Publication-only abstracts (abstract number preceded by an "e"), published in conjunction with the 2019 ASCO Annual Meeting but not presented at the Meeting, can be found online only.
Cost-effectiveness of tyrosine kinase inhibition in first-line treatment of patients with EGFR-mutated advanced non-small cell lung cancer.
Metastatic Non-Small Cell Lung Cancer
Lung Cancer—Non-Small Cell Metastatic
2019 ASCO Annual Meeting
J Clin Oncol 37, 2019 (suppl; abstr e20504)
Author(s): Jiaqi Han, Huabin Hu, Mengting Liao, Longjiang She, Linli Yao, Dong Ding, Shan Zeng, Shen Liang-Fang, Jin Huang; Department of Oncology, Xiangya Hospital, Central South University, Changsha, China; The Sixth Affiliated Hospital of Sun Yat-sen University, Guangzhou, China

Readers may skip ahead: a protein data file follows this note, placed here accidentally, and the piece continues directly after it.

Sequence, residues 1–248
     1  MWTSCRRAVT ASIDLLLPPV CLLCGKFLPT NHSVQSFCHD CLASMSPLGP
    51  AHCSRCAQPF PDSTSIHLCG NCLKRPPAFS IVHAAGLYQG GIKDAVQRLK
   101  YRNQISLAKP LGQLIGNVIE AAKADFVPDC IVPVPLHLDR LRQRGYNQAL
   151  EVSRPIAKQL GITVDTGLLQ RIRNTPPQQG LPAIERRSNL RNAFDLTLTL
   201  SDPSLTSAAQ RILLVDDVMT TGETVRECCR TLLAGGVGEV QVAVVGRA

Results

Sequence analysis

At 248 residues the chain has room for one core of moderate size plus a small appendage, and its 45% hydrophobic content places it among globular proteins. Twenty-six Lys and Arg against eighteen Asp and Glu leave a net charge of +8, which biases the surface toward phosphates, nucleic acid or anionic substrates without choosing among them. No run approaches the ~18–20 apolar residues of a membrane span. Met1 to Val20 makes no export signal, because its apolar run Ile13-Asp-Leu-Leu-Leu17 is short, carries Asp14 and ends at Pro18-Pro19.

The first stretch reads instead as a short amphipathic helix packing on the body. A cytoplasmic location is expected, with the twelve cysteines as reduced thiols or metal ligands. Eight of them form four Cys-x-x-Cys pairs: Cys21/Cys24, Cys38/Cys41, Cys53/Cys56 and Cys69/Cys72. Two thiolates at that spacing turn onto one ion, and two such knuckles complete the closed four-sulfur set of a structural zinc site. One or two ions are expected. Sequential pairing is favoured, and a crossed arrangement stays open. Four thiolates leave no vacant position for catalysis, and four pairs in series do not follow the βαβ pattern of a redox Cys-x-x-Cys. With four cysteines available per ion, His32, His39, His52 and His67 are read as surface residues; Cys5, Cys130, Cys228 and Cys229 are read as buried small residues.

Background: Patients with advanced non-small cell lung cancer (NSCLC) harbouring an epidermal growth factor receptor (EGFR) mutation have improved survival with tyrosine kinase inhibitor (TKI) treatments, but the economic efficiency of this application is unclear, especially in limited health resource settings. To inform policy makers about the value of these medications, we developed a Markov model to compare the cost-effectiveness of these strategies. Methods: A Markov model was developed to compare the cost-effectiveness of chemotherapy, gefitinib, erlotinib, afatinib and osimertinib treatments from a public payers’ perspective in the U.S and China. Health states consisted of progression-free survival, progressive disease, and death. Model transition, adverse event probabilities, disease progression, and death were obtained from randomized clinical trials and network meta-analysis. Costs, quality-adjusted life-years (QALYs) and incremental cost-effectiveness ratios (ICERs) over a 10-year lifetime horizon were calculated. One-way and probabilistic sensitivity analyses were performed by multiple potentially modifiable parameters. Results: The tyrosine kinase inhibitors were more cost-effective than chemotherapy treatment in both the U.S and China. In the U.S, compared with erlotinib, afatinib had an ICER of $241,420/QALY while osimertinib had an ICER of $351,315/QALY. In China, the incremental utility for osimertinib versus gefitinib was 0.68QALYs, and the ICER was $25,622/QALY. The probability sensitivity analyses also illustrated that the erlotinib was the optimal treatment at a willingness-to-pay (WTP) threshold of $150,000/QALY in the U.S and osimertinib was the most cost-effective treatment at a WTP of $26,508/QALY in China. Conclusions: Based on our current analysis, erlotinib appears to be the preferred first-line treatment for advanced EGFR mutation-positive NSCLC patients in the US at a WTP of $150,000/QALY. However, because of the price reduction and more health benefits, osimertinib was considered to be most cost-effective at a WTP of $26,508/QALY in China.